resulting plot
Timing

Timing 201 #8: The Case of the Dueling PLLs – Part 2

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Timing 201 #8: The Case of the Dueling PLLs – Part 2


Author: Kevin G. Smith

[Note: This blog article was originally posted online in December 2020. It has been lightly edited, and updated to reflect Skyworks Solutions’ acquisition of Silicon Labs’ Infrastructure and Automotive business, completed on July 26, 2021.]

Introduction

In the previous Timing 201 article, Timing 201 #7: The Case of the Dueling PLLs – Part 1, I referred to a Silicon Labs white paper that describes Silicon Labs’ DSPLL nested dual-loop architecture as used in the Si538x wireless jitter attenuators. I first discussed the general motivation for a dual-loop PLL and compared the cascaded (series) dual-loop PLL versus the nested dual-loop PLL architectures.

The practical advantages of the nested dual-loop approach in this example were to reduce the number of tuned oscillators from 2 to 1 and to eliminate the need for a sensitive external voltage control line. The tradeoff for a nested feedback control loop is that the inner loop must be faster than the outer loop. If the loop speeds (or bandwidths) are comparable, then the loops will contend or “duel” with each other.


In this Part 2 follow-up post, I will discuss in more detail how to calculate the phase noise of both these dual-loop PLL approaches.

 

Some Simplifying Assumptions

 

To emphasize the basic ideas without getting bogged down in too much detail, I will make the following simplifying assumptions:
 

  1. Jitter generation, i.e., intrinsic PLL noise, is negligible. I only care about how the PLLs filter their respective phase noise sources, and how they contribute to the output clock phase noise.
  2. Phase noise scaling is not needed. Assume that the phase noise data I use is taken at the same carrier frequency for both PLLs. For example, it’s as if you had a 54 MHz XO or VCXO, and the input and output clock frequencies were all 54 MHz, and the VCO phase noise had been scaled down to 54 MHz. (Otherwise you would need to scale the phase noise data.)
  3. Identical phase noise sources will be used to compare the two topologies. In particular, the XO and VCXO phase noise will be assumed to be identical. This is generally not the case as VCXOs are usually noisier than XOs for the same nominal frequency. Why this assumption is being taken will be made clear later in this article.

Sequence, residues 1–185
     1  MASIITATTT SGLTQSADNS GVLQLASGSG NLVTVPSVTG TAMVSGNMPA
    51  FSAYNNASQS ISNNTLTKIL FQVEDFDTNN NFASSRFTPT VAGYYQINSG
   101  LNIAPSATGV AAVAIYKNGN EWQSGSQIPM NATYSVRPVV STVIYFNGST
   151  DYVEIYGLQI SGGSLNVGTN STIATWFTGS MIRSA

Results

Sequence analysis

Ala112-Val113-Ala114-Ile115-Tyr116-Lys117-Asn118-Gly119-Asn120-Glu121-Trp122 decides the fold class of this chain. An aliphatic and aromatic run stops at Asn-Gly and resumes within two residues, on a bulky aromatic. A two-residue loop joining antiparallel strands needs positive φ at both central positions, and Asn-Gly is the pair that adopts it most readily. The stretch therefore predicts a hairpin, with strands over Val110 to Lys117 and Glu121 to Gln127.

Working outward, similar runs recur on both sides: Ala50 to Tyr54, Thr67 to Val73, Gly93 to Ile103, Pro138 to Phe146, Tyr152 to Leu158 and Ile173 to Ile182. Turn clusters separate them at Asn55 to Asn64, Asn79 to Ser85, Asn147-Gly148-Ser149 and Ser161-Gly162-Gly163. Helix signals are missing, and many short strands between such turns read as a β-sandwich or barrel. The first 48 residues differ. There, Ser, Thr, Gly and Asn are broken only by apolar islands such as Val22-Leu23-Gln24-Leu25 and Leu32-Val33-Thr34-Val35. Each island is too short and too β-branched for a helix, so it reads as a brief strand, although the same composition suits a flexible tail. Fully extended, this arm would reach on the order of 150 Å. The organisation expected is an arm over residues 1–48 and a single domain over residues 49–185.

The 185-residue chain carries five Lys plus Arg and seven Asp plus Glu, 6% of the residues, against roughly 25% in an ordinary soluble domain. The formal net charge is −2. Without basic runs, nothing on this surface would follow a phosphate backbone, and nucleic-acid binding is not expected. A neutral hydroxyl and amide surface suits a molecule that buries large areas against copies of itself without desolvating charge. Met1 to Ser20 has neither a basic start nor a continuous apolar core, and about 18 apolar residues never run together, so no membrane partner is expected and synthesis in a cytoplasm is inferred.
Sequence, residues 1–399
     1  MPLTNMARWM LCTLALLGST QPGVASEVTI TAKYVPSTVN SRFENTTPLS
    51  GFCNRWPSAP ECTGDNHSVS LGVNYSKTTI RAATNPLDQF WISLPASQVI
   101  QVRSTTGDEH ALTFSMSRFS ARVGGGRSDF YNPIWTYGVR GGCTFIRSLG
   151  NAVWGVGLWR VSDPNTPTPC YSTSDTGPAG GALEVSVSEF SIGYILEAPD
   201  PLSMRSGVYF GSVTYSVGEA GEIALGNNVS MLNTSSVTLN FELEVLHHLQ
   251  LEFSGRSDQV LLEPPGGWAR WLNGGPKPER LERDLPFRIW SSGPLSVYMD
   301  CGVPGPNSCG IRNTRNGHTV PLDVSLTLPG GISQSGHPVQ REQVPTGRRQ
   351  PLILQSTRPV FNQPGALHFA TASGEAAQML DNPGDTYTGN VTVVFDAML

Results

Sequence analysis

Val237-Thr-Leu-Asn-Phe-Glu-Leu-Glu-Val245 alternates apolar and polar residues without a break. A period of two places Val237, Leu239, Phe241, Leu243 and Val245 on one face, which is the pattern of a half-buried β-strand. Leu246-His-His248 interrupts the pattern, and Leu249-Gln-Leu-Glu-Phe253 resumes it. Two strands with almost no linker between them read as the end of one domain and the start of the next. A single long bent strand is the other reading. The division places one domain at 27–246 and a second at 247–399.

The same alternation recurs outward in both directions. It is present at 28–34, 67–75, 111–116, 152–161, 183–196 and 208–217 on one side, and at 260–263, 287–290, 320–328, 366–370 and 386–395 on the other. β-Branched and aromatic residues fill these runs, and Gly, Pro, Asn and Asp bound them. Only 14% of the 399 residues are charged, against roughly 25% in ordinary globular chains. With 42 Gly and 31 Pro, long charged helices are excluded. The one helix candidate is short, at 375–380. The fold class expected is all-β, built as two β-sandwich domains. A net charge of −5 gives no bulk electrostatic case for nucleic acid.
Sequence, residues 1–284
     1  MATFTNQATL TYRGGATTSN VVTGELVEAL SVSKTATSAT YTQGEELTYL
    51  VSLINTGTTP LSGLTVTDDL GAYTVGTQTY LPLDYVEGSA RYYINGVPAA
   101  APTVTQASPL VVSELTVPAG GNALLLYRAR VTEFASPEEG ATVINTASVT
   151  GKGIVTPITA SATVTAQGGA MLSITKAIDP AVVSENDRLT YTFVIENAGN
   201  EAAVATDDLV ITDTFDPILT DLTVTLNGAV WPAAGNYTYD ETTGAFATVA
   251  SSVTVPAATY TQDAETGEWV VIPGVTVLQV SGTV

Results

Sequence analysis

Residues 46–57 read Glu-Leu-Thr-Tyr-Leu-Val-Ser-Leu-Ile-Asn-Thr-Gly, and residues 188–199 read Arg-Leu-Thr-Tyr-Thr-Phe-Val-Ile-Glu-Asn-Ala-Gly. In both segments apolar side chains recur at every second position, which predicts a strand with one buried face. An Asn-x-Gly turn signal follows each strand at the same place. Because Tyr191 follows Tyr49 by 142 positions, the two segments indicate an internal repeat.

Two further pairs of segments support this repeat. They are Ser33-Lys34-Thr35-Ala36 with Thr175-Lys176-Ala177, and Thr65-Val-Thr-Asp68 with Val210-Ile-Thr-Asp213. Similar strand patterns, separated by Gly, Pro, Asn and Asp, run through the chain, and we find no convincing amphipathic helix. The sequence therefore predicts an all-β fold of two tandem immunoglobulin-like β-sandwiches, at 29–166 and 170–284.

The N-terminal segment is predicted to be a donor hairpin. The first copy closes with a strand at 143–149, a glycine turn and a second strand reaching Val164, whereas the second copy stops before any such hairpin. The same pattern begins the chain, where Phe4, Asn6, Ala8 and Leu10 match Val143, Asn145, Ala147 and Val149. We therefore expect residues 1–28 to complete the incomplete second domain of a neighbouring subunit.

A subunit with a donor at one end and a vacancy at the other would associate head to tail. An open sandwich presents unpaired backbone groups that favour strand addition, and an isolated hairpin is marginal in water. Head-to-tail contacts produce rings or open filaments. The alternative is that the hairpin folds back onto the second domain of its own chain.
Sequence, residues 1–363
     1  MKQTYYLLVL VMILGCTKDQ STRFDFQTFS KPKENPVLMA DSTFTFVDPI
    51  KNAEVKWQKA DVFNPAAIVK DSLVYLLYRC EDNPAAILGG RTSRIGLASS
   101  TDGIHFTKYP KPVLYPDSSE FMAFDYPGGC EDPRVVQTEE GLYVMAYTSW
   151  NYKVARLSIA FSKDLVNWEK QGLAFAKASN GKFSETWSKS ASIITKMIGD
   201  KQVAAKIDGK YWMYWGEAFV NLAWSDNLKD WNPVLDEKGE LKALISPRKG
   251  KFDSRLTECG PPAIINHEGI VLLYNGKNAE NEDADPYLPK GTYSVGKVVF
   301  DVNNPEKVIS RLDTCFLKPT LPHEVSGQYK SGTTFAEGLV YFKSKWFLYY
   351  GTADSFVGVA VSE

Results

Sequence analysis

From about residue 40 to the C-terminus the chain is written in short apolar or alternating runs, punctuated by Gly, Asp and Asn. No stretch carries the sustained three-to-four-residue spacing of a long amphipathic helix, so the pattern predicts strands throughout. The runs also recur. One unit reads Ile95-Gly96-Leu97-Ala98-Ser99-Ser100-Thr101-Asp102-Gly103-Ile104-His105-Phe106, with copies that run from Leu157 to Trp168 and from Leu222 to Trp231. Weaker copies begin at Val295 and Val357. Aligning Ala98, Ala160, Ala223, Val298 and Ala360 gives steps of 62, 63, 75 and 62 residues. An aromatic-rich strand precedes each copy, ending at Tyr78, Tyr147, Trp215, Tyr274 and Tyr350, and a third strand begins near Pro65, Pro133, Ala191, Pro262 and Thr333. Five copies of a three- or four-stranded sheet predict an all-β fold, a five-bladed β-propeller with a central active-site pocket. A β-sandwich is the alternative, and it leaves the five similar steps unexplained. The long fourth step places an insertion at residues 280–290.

4. The PLL acts as a low pass filter (LPF) or high pass filter (HPF) to the input and VCO phase noise respectively. The filter is modeled with the corner frequency at the bandwidth (BW) frequency. The filter skirt slope or steepness magnitude is 20 dB/dec x the PLL order. So, a 2nd order PLL will be modeled with 40 dB/dec filter slopes.

Series Dual-Loop Phase Noise Calculations

The figure below is from the cited white paper and previous post. The two PLLs are in series with each other.

Series Dual-Loop Phase Noise Calculations

You will recall that the first PLL, PLL1, is narrowband (NB) and the second PLL, PLL2, is wideband. To calculate the phase noise, we will go left to right through the following steps.
 

  1. Low pass filter the input clock phase noise based on PLL1’s bandwidth (BW).
  2. High pass filter the VCXO phase noise based on PLL1’s BW.
  3. Add their contributions together in a power sense to yield the total PLL1 phase noise input to PLL2.
  4. Low pass filter the input to PLL2 based on PLL2’s BW.
  5. High pass filter the VCO phase noise based on PLL2’s BW.
  6. Finally, add these last two contributions together in a power sense to yield the total output phase noise.

 

These calculations have been done in the attached spreadsheet 201-8_The_Case_of_the_Dueling_PLLs - Part 2.xlsx . See the “Series Dual-Loop” worksheet. The PLLs are assumed to be 2nd order with the NB PLL BW = 100 Hz and the WB PLL BW = 1 MHz. These parameters can be changed in the spreadsheet, but practically speaking, NB PLLs will be on the order of mHz to kHz. WB PLLs are typically 500 kHz to 2 MHz. 

The resulting plot is as follows.

resulting plot

Nested Dual-Loop Phase Noise Calculations